Catawba Valley Healthcare is an independent, comprehensive, non-profit healthcare organization that offers a wide range of whole-person healthcare and services that integrate physical and mental health.

Contraceptives and
Birth Control

Contraceptives/Birth Control

There are many different contraceptives/birth control options for women today, including oral contraceptives, IUDs, and patches, to name a few. Options include:

  • Barrier methods such as male and female condoms, a diaphragm, cervical cap, or contraceptive sponge.
  • Short-acting hormonal methods include birth control pills, a vaginal ring, skin patch, or contraceptive injection. These methods are called short-acting because they are used on a daily, weekly, or monthly basis.
  • Long-acting hormonal methods include the copper IUD, hormonal IUD, and a contraceptive implant. These methods are labeled long-acting because they last from 3-10 years after insertion.
  • Sterilization methods include tubal ligation for women and vasectomy for men. These surgeries are intended to be permanent. 
  • Fertility awareness methods focus on the days of the month that you are fertile, with either no sex on those days or the use of a barrier method on those days. This method is the least reliable.
  • Emergency contraception methods include the morning-after pill.
Contraceptives and Birth Control

Birth control methods  work in different ways, including:

  • Preventing an egg from being released each month
  • Inactivating or damaging sperm to prevent it from reaching an egg
  • Thickening the cervical mucus so that sperm cannot easily pass through the cervix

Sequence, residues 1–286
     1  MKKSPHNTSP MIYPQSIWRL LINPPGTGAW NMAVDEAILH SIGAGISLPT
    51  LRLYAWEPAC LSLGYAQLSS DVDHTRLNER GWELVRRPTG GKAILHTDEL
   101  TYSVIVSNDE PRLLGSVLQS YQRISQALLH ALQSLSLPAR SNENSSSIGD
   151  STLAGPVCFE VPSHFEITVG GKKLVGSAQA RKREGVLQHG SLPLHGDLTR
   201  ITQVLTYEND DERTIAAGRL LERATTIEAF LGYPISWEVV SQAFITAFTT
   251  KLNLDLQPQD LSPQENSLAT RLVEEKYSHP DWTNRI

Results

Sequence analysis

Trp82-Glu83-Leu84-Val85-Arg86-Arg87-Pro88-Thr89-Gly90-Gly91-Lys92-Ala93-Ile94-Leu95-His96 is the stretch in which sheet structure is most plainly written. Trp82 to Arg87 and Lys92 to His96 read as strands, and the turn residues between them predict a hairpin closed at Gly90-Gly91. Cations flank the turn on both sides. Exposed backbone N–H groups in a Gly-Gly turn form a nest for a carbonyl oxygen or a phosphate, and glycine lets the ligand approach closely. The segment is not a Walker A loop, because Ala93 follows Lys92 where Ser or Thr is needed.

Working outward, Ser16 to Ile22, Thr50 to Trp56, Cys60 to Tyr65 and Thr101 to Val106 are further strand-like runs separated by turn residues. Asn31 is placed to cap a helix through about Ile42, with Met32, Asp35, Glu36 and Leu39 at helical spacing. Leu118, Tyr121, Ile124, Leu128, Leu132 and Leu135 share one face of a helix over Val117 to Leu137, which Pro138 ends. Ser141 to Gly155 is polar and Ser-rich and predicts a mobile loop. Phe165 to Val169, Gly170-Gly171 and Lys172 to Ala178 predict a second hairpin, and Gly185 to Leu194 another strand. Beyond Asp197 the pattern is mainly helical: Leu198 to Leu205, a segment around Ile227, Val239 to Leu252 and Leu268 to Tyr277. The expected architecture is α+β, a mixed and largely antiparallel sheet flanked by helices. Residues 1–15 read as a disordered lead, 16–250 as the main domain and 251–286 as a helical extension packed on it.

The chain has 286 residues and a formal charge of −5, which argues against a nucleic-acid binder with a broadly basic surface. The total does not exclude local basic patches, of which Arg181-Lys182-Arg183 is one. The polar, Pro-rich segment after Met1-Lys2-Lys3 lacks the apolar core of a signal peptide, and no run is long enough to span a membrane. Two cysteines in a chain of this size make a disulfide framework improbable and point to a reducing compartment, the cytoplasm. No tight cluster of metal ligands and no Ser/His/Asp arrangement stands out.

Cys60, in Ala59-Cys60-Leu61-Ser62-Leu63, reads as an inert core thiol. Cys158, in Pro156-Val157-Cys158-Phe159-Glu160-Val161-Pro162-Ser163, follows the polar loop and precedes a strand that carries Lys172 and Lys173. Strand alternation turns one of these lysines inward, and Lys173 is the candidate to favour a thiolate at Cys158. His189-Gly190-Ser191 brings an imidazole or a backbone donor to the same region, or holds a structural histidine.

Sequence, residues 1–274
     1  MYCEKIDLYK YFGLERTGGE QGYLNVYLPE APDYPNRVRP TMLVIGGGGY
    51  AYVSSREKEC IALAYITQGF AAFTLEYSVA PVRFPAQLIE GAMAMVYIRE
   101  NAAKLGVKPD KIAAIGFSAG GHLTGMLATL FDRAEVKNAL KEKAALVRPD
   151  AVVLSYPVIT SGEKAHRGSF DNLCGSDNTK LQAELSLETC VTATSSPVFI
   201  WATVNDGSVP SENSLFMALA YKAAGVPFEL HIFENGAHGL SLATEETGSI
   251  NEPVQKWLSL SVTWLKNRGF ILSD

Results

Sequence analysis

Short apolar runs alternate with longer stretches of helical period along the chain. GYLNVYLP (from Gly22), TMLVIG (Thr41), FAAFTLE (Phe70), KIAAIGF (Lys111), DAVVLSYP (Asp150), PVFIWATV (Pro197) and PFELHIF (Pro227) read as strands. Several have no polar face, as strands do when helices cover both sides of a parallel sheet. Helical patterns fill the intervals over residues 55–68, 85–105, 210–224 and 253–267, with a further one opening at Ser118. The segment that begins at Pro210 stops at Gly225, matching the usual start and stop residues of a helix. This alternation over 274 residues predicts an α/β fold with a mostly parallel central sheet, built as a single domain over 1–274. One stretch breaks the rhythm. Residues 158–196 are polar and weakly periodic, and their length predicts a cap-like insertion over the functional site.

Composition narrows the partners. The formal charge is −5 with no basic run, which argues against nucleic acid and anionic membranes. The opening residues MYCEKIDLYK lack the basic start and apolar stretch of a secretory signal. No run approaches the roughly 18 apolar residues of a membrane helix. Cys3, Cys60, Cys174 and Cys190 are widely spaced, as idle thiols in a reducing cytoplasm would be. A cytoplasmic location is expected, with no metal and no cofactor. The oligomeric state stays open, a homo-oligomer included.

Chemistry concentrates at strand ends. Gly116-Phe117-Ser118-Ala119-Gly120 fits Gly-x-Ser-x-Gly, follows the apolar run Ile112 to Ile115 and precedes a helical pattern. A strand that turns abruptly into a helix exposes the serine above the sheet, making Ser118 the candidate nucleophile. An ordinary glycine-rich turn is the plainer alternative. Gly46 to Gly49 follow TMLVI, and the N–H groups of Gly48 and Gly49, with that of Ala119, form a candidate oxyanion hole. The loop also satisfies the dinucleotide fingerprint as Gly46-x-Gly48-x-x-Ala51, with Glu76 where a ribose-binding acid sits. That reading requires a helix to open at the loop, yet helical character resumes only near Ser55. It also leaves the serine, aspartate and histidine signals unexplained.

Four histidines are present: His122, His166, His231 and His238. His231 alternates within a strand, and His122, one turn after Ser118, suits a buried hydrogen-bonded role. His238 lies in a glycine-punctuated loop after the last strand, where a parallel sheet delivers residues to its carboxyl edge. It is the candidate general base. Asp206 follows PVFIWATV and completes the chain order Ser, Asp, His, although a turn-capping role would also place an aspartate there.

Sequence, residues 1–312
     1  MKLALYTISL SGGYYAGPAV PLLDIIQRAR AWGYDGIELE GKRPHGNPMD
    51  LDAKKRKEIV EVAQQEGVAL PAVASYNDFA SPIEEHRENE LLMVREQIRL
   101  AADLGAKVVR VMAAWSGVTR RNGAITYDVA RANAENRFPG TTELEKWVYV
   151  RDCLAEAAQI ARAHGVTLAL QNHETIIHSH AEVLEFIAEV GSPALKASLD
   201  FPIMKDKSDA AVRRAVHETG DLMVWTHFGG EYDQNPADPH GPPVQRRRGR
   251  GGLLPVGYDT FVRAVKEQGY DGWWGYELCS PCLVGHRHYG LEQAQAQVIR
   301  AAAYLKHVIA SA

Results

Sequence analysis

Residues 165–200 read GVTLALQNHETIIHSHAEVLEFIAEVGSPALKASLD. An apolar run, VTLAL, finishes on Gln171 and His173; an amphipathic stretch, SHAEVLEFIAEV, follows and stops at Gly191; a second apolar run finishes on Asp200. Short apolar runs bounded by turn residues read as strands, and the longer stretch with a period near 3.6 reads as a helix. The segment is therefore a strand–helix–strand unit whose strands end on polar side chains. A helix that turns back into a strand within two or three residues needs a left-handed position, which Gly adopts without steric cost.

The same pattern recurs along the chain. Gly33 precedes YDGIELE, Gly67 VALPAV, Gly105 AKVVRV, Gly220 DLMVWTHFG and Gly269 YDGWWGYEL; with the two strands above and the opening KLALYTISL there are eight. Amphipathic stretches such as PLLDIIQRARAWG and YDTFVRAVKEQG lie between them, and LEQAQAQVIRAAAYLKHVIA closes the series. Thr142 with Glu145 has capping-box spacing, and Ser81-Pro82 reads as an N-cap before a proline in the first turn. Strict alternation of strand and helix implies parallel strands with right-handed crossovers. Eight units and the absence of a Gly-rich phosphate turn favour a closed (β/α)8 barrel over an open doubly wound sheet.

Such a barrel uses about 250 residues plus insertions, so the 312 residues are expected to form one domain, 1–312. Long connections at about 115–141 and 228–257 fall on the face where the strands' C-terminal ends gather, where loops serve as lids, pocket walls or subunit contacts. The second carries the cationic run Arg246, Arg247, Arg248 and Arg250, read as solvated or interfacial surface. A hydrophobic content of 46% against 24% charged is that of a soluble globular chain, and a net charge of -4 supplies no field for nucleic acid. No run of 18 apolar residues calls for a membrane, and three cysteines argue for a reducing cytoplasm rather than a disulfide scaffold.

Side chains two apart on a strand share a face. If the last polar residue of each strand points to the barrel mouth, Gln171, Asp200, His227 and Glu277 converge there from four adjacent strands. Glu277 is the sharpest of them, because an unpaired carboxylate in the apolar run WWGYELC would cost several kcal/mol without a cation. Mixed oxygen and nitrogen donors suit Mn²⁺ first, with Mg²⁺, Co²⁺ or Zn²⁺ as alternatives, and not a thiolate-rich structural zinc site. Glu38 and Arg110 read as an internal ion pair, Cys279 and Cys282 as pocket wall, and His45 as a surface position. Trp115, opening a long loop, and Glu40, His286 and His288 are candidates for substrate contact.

• Altering the lining of the uterus so an egg cannot attach to it

When discussing your birth control options with your provider, you will be considering the following variables:

  • What is the method’s effectiveness?
  • Is this option convenient for my lifestyle and affordable for my budget?
  • Is this method reversible were my goals to change?
  • What are the side effects of this method?
  • Does this method protect against sexually transmitted diseases?
  • Does this method offer other benefits such as a lighter menstrual cycle or a reduction in the risk of some cancers and STIs?
  • Is this method acceptable to my sexual partner(s)?
  • Is this method compatible with my cultural or religious beliefs?

Choosing which contraceptive method is right for you will ultimately depend on several variables:

  • Your age and health history
  • Reproductive goals
  • Relationship factors
  • Lifestyle, cultural or religious beliefs
  • The differences between cost, effectiveness, side effects, and benefits.

Our providers are here to listen, advise, and help you choose which option best meets your particular medical profile and family planning goals.

Call for an (828) 695-5900 appointment.